"Why, you are not the son of Mrs. Conway of Dover, are you?"

"Yes, I am, sir. Do you know her, and can you tell me how she is?" Ralph asked eagerly.

"I believe that she is well, although of course she must have suffered very greatly at your disappearance. I haven't the pleasure of knowing her personally, but several friends of mine are acquainted with her. I heard the matter talked about at the time the boat was missing. Some portions of her were picked up by other fishing boats, and by the shattered state of some of the planks they said that she had been run down; beside, there had been no wind about the time she disappeared, so that there was little doubt some vessel or other had cut her down. I happened to hear of it from Colonel Bryant, who is a friend of your mother."

"Yes, I know him," Ralph put in.

"I have heard Colonel Bryant say that she has not altogether abandoned hope, and still clings to the idea that you may have been run down by some outward-bound ship and that you had been saved and carried away, and that she declares that she shall not give up all hope until ample time has elapsed for a ship to make the voyage to India and return."

"I am very glad of that," Ralph said. "It has been a great trouble to me that she would be thinking all this time that I was dead. I should not have minded having been carried away so much if I had had a chance of writing to her to tell her about it; but I never did have a chance, for I came home by the very first ship that left Port Royal after I arrived there."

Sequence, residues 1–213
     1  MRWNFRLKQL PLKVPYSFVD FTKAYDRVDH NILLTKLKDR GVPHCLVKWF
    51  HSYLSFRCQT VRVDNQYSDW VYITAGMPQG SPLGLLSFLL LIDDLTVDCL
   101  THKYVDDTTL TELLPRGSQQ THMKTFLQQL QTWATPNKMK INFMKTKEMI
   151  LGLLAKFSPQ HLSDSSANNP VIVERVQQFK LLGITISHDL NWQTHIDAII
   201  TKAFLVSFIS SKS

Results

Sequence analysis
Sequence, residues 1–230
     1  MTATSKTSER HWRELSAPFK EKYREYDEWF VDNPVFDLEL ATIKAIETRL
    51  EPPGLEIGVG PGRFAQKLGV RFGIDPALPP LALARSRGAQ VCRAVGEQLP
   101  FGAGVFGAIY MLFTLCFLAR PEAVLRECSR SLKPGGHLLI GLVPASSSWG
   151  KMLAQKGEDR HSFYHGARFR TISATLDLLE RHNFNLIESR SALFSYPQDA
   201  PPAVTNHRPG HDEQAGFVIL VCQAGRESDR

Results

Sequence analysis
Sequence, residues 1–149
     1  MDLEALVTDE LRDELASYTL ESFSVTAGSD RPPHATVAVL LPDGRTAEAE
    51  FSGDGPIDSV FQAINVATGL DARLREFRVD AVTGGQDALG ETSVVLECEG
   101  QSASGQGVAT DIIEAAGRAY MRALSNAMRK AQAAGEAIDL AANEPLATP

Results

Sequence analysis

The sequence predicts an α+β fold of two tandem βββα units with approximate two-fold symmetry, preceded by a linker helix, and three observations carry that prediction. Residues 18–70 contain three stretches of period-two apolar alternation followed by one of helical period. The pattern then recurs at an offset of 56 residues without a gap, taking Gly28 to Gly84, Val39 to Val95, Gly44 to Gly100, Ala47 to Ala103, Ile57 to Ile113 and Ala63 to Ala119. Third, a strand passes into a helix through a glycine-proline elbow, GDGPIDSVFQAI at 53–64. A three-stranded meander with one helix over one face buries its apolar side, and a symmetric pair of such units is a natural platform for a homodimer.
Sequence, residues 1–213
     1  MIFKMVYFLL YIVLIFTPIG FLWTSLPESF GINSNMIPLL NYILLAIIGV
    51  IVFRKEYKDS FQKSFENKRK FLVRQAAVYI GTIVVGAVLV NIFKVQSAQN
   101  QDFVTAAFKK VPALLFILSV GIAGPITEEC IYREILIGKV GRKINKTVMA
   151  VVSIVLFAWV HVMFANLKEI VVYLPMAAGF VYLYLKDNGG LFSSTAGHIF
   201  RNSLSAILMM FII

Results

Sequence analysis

"But how did you get away from the French privateer—was she captured?"

"Well, it is rather a long story, sir," Ralph said modestly.

"All the better," the gentleman replied. "We have got fourteen hours journey before us, and your story will help pass the time; so don't try to cut it short, but let me have it in full." Ralph thereupon told the story, which lasted until the coach reached Tunbridge, where it stopped for the passengers to dine.

"Well, that is an adventure worth going through," the officer, who had already mentioned that his name was Major Barlow, said; "and it was well for you, lad, that you possessed good spirits and courage. A man who is cheerful and willing under difficulties will always make his way in the world, while one who repines and kicks against his fate only makes it harder for him. I have no doubt that if, instead of taking matters coolly when you found yourself on board the privateer you had fretted and grumbled, you would have been made a drudge and kicked and cuffed by everyone on board. You would not have had a chance of landing at that island or of being chosen to make the signal when they went away, and you would now be leading the life of a dog on board that brig. Cheerful and willing are two of the great watchwords of success in life, and certainly you have found it so."

It was eight o'clock when the coach rattled up the streets of Dover. Major Barlow had already offered Ralph to take him to Colonel Bryant's quarters, and to ask the colonel to go with him to call on Mrs. Conway and prepare her for Ralph's coming.